3 stars — DVD
Meeting friends is an important component of the dating process, but it is something I prefer holding off from until I see we are getting comfortable with each other. You can say what you want but that first initial meeting with your or their friends will partially be an interview procedure for a 2nd opinion. Do not get me wrong, I do not have a problem with that; however, I prefer having some quality time for the two of us to get some solid footing underneath before bringing in other personalities. I have been in situations where friends were involved too early at the beginning of the dating phase and personalities clashed immediately; it was truly an uncomfortable situation. As one gets older I do not know if it gets easier. If you do not believe me just see what happens in this touching comedy. Julia Louis-Dreyfus (Deconstructing Harry, Veep-TV) played Eva, a middle-aged divorcee with a daughter. When one of her clients Marianne, played by Catherine Keener (Into the Wild, A Late Quartet), began complaining about all the things her former spouse used to do; it started to have a negative affect on Eva’s budding relationship with Albert, played by James Gandolfini (Killing Them Softly, Welcome to the Rileys). There were several reasons why this movie was enjoyable to watch. The acting was wonderful; Julia and James made a real connection with their characters. Also, I had a twinge of sadness while watching James since this was his last movie before he died. The dialog never went over the top; keeping things at an emotive, sweet level. Even when scenes were dramatic the director let the actors use physical communication to convey their feelings. It really worked well in my opinion. Toni Collette (The Way Way Back, Little Miss Sunshine) as Eva’s best friend Sarah was a solid addition to the cast and story. Known more for her comedic skills, I thought Julia did a beautiful job with her character’s full range of emotions. Is the story believable? I believe so, I just hope I will never have to experience something similar. This was a well done film that was a fitting tribute to the illustrious career of James Gandolfini.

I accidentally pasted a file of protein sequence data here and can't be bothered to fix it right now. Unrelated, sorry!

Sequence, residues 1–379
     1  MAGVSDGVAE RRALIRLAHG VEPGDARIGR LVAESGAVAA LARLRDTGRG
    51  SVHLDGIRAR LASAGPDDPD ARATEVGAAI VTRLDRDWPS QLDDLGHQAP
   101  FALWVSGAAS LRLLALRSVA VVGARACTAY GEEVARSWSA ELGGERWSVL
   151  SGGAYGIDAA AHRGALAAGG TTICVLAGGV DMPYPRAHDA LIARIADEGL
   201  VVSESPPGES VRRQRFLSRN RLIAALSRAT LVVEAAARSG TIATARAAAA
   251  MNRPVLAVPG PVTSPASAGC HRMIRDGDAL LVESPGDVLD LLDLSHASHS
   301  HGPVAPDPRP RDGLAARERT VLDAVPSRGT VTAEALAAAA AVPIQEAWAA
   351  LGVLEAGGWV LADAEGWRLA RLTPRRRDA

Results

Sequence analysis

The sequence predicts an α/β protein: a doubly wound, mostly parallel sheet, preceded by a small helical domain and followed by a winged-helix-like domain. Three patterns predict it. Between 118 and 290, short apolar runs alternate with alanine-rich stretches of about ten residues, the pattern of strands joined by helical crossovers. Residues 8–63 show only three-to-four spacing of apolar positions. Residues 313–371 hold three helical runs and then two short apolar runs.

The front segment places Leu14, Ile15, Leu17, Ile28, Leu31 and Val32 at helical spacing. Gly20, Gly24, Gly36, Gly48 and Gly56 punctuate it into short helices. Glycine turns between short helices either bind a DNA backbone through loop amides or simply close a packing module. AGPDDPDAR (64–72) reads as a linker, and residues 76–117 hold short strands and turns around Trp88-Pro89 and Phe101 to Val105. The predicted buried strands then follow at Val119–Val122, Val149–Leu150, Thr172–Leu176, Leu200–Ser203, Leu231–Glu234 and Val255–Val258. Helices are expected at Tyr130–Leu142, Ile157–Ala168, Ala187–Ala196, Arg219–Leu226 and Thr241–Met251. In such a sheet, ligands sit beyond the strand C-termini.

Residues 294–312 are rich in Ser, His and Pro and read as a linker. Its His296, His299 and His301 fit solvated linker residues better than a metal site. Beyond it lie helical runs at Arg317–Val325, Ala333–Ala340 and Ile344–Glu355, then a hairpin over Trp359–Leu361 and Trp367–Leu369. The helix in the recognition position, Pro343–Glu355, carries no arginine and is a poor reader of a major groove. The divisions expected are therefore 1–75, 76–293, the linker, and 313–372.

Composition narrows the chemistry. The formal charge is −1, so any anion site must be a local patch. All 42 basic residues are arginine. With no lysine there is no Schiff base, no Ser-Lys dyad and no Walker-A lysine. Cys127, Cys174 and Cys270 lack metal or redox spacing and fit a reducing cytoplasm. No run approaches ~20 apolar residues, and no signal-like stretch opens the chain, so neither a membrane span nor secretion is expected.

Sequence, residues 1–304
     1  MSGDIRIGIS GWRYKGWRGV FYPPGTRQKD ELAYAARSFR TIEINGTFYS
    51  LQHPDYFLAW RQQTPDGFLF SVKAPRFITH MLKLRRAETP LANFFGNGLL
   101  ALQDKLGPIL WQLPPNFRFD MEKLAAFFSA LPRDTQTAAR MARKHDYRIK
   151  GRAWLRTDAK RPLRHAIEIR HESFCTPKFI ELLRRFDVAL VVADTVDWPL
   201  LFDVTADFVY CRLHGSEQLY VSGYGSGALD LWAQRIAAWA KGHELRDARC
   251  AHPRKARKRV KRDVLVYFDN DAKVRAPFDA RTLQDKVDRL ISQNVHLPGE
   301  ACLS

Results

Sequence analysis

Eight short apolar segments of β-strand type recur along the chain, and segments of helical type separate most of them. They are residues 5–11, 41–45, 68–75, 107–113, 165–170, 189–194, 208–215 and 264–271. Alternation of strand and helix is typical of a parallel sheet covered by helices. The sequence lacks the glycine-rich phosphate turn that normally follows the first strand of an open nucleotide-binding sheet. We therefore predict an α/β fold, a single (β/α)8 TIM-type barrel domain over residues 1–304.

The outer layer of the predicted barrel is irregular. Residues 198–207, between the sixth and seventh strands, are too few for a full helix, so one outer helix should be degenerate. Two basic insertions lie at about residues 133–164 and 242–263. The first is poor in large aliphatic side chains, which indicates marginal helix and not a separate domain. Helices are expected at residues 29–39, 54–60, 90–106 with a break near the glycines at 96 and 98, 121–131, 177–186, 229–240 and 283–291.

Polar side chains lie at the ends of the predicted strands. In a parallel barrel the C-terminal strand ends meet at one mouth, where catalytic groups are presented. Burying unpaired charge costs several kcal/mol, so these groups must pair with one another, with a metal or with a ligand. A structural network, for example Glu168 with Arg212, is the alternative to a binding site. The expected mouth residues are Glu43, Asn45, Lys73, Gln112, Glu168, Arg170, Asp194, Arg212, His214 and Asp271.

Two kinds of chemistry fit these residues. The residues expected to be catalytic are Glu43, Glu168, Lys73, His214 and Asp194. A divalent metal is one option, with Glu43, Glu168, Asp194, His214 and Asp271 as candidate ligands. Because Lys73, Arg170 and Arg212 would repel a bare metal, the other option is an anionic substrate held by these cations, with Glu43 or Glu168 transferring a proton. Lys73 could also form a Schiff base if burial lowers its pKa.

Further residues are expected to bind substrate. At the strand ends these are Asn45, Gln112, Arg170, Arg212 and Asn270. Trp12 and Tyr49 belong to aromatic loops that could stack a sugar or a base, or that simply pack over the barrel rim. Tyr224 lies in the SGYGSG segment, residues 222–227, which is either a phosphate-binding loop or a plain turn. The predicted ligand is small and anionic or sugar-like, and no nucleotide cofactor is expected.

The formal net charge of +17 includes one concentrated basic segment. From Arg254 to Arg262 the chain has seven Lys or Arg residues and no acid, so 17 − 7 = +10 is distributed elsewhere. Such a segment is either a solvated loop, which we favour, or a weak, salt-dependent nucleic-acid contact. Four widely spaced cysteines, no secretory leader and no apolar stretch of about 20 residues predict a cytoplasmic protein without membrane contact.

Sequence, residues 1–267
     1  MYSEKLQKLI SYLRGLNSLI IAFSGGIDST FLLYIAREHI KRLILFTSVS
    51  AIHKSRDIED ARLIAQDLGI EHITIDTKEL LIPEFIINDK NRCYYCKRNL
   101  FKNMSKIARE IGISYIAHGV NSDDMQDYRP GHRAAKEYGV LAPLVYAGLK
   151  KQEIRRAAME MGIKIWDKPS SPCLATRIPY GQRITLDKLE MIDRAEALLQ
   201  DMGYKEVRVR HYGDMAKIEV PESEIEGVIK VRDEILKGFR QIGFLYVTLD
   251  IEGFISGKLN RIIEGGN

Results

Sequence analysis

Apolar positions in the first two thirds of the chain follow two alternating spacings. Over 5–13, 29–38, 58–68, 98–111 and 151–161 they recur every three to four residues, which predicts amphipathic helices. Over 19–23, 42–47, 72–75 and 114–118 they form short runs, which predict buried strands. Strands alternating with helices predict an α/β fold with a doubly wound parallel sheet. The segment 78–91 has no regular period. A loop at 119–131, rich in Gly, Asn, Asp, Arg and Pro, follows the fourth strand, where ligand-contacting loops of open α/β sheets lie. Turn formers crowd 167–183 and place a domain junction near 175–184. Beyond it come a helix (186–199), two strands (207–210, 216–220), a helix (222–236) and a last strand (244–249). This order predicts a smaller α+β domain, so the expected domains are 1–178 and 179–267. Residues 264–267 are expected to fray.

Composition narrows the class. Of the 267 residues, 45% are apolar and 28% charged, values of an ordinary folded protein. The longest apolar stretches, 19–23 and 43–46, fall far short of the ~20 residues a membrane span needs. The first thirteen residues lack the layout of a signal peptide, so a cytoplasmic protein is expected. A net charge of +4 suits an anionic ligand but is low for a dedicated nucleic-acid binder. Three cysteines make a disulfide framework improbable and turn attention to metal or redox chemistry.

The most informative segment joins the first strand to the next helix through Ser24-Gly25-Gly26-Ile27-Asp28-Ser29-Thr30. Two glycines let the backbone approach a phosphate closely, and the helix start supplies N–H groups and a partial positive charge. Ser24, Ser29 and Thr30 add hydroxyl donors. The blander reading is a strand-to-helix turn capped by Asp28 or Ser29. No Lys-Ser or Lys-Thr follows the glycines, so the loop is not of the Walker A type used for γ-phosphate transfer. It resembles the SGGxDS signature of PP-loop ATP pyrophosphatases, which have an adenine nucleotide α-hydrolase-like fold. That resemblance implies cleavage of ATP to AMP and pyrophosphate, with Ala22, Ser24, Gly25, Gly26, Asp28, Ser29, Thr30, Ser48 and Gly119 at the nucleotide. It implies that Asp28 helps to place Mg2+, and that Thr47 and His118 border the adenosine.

3 1/4 stars